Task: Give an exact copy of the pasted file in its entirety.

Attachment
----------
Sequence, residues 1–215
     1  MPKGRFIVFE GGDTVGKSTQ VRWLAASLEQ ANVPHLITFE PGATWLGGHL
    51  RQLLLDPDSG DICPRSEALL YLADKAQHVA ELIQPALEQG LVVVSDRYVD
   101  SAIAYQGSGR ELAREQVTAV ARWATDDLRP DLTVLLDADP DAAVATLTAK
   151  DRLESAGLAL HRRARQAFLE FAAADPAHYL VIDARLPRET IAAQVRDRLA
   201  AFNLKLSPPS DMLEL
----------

Sequence, residues 1–215
     1  MPKGRFIVFE GGDTVGKSTQ VRWLAASLEQ ANVPHLITFE PGATWLGGHL
    51  RQLLLDPDSG DICPRSEALL YLADKAQHVA ELIQPALEQG LVVVSDRYVD
   101  SAIAYQGSGR ELAREQVTAV ARWATDDLRP DLTVLLDADP DAAVATLTAK
   151  DRLESAGLAL HRRARQAFLE FAAADPAHYL VIDARLPRET IAAQVRDRLA
   201  AFNLKLSPPS DMLEL